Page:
Have you gotten to the point where you wonder if it’s all worth it? Where life is just wearing you down and it seems like if one more thing happens you’re just going to go out and buy a pack and to hell with it? Do you feel like you have a lot of reasons to quit, but there’s a lot of reasons to smoke, too?
Maybe it will help you to realize that everybody who ever quit smoking had to face the challenges of life every day, too; just like you. Obviously not the same challenges you’re facing, but every bit as challenging to them as yours are to you. Some of them stayed quit, some of them went back to feeding the addiction.
What About You?
The ones who stayed quit had to make a mental shift: when they found themselves thinking that there were a lot of reasons to go back to smoking, they realized that these thoughts were coming from their inner junkie, and they understood that the junkie could only offer excuses for feeding it again, not reasons.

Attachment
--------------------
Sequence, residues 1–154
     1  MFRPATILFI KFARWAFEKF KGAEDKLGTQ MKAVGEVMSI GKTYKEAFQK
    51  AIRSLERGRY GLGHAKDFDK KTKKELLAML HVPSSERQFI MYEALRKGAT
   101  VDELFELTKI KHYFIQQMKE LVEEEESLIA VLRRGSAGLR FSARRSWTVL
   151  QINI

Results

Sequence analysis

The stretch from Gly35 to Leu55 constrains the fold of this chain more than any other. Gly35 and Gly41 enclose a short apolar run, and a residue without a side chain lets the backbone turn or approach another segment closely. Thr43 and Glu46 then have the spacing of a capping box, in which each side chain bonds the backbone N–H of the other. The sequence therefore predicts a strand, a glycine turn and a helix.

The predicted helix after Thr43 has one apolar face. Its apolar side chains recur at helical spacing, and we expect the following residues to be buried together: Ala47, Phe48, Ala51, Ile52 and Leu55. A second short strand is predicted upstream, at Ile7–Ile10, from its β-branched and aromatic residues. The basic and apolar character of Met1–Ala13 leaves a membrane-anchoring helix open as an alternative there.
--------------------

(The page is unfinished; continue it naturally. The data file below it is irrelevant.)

Big difference. Get your head straight on this point: there are lots of good reasons to stay free, even if it’s tough right now, but no good reasons to give up and go back to smoking. Only excuses.
Because, no matter what challenges you’re facing right now, I can guarantee you that smoking will not help you deal with them; it will only make you an active, practicing addict again. And tomorrow, you’ll have a new set of challenges to face. That’s life. Nothing’s permanent, for better or worse.
All Things Must Pass.
Including your craves. Remember: the craving will stop whether you light up or not. You know this; you’ve experienced it for yourself hundreds (if not thousands) of times. That being the case, the choice boils down to this: feed your addiction, knowing that you’re only guaranteeing that the next crave will come quicker and be stronger, or starve your addiction, knowing that if you do, the next crave will take longer to arrive and be weaker when it gets there.
The bottom line is, you have to choose, day by day, hour by hour, moment by moment, whether you’re going to feed your addiction or not. Just like everybody who ever quit. (And just like everybody who continues to smoke.) Choosing not to feed your addiction can be tough in the early going, but it gets easier the more you do it. (Just like choosing to smoke.)
The biggest difference is in the outcomes: one choice leads to freedom, health, and life; the other one leads to slavery, disease, and, ultimately, death.